What are some books you would recommend for dog training that you or someone you know found helpful.

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  1. Courage

    Well… it’s always good to read styles you don’t agree with. The Monks of New Skete (sp) are the guys who started the “alpha roll”, and it’s interesting to read the original books talking about it and realize just how far people have taken it, and how they never meant for it to be taken into some of the levels that people do. Just like it’s good to read books by Khoeler (sp again…) and Barbara Woodhouse in order to see where Millan got his style. But, they’re not books I’d use to train any dog because they’re out of date (ie, even if Millan is recent, his style is 20+ years old and has been proven to cause problems.) So, one of the things I would recommend is to watch out for books where “khoeler” or “Woodhouse” is mentioned as the trainers or something like that.
    Books like “The other side of the leash” or “Bones would rain from the sky” are wonderful books, but aren’t training manuals. They’re more behavioral books, and sometimes their style of writing is insulting and abrasive unless you agree with the author (ie, someone who uses a choke chain tends to find the works insulting.) However, one book that I do like is Jan Fannel’s “The Dog Listener” about Amichien bonding, which I’ve found helpful for dog owners who have aggressive dogs (or who want to avoid aggression in their dogs) without using aggressive methods on the dogs themselves. But, again, it’s not a training manual. A newer good book that you can tend to find fairly cheap these days is “The Loved Dog: The Playful, Nonaggressive Way to Teach Your Dog Good Behavior” by Tamar Geller.
    I did not like “Dogs: A Startling New Understanding of Canine Origin Behavior & Evolution” by Ray and Lorna Coppinger. Mostly because from my point of view it was a completely flawed examination of dog behavior comparing and arguing that dogs are not wolves. Ie, they hate the idea that dogs are being genetically reclassified as wolf subspecies, so they fight against it in their book. But, they use as examples of wolves captive wolves and wolves who, through hunting, are nervous of humans. Basically they completely ignore eskimo and native american accounts that wolves didn’t USE to keep this distance, and they ignore accounts where wolves weren’t keeping this distance where they weren’t being hunted. And because they only use captive wolves or wolves during easily observed periods of the year, and ignore wolves or wolf-mixes who live in homes with humans… it’s just a very biased book.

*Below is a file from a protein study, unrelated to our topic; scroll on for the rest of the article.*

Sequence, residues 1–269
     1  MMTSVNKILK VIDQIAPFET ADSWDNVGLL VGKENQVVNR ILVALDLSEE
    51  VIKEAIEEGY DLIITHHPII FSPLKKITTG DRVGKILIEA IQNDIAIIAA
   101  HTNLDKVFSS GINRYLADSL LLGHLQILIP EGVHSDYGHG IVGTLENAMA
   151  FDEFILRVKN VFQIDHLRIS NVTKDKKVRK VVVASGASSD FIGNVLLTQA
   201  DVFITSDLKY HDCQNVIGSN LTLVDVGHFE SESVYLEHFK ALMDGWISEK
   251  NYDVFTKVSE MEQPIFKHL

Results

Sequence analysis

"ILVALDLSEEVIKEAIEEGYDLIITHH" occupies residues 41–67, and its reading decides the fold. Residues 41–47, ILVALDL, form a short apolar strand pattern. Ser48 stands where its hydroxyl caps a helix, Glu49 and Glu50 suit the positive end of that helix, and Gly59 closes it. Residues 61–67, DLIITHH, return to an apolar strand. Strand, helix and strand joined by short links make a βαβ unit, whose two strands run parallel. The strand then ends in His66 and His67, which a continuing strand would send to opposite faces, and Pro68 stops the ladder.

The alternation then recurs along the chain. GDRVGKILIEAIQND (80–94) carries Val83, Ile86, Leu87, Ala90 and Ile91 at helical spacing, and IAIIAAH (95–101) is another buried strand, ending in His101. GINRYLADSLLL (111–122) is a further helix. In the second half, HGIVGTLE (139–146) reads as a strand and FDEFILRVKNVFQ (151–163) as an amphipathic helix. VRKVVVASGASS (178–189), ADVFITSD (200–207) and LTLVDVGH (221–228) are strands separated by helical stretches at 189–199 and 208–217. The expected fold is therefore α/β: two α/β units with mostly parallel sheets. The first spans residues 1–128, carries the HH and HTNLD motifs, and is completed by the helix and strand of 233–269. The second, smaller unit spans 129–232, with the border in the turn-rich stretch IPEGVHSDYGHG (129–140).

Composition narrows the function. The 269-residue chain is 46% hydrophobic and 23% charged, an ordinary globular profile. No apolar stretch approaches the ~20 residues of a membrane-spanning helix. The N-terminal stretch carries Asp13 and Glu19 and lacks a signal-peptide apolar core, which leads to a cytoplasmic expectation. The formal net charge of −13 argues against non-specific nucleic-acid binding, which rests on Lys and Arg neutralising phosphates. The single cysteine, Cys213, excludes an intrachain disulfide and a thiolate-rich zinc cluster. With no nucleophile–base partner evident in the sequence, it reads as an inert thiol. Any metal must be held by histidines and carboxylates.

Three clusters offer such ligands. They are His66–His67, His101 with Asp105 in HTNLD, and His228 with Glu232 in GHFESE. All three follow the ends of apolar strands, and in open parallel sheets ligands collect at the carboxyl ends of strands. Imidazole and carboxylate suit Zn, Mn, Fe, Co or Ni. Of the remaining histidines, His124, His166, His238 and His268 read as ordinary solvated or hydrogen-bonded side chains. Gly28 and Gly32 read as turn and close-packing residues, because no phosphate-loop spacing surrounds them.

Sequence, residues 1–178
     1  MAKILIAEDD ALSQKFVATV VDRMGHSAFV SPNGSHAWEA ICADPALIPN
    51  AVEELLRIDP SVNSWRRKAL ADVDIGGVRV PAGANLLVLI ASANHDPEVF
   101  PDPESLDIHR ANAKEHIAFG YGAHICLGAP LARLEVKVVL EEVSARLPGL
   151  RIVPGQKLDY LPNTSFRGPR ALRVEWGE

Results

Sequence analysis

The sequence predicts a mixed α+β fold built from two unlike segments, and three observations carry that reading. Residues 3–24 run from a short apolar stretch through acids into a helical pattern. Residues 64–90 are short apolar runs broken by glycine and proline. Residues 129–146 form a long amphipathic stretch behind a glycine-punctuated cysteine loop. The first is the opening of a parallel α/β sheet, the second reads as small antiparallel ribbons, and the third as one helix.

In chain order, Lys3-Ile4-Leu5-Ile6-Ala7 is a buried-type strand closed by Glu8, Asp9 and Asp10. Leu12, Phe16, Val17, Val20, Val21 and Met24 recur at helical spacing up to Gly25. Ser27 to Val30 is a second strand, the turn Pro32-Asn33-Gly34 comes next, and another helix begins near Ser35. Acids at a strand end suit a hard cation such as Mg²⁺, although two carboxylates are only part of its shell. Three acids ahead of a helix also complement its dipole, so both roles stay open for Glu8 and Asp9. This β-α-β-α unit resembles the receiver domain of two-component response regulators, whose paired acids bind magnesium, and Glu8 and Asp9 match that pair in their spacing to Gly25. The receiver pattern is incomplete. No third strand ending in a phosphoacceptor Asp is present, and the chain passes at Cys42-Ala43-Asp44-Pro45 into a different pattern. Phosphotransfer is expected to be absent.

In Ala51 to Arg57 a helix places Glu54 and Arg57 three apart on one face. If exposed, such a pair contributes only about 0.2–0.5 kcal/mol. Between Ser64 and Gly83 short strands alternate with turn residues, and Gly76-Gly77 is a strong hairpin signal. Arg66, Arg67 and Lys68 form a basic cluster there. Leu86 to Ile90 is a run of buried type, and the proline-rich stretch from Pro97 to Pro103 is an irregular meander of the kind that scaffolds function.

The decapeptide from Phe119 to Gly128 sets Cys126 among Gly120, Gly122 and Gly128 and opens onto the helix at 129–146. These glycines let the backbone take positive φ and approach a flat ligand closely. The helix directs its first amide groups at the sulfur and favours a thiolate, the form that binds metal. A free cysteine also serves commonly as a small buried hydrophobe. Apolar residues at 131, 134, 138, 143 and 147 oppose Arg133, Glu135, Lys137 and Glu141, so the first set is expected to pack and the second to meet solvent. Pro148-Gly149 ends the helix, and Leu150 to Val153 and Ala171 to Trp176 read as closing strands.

For puppies, I prefer Ian Dunbar’s “Before and After Getting Your Puppy” and it goes over basic puppy training. HOWEVER, some people find it abrasive because he tends to do a whole “If you don’t do this, your dog will have this behavioral problem.” Some people feel this is defeatist, and insulting, making them feel like complete failures (to me, when I read it, it seemed more like a warning about what COULD happen.) Remember, Ian Dunbar got his greatest start with puppy training, so his books tend to be more about the root of behavioral problems and how to avoid them, and not always about how to fix them in adult dogs though he does do that too.
    Then there’s the real Dog Whisperer, or at least one of them (dog whisperer is a sort of honorary title, and Millan isn’t the only one to hold it. In fact… Millan as far as I know was never GIVEN the title but usurped it, which is insulting. He doesn’t whisper.) Paul Owens’ books are WONDERFUL, and I’ve always enjoyed them as training type manuals. I haven’t ever seen his movies, but I wouldn’t be worried about anything in them. Karen Pryor’s books are wonderful training manuals, if you want to go with clicker training.
    Hope this helps.

  2. Mutt for the Truth

    All of the books by Cesar Millan.
    “It’s me or the Dog” by Victoria Stillwell
    “Canine Body Language” by Brenda Aloff
    All of the books by Monks of New Skeet
    “The Power of Positive Dog Training” by Pat Miller
    As you see i read a lot – and it isn’t limited to just one type of training! I LOVE the book by Brenda Aloff btw, very helpful.

  3. Callie C

    If you have never trained a dog before try dog training for dummies (no offense, it really does help)

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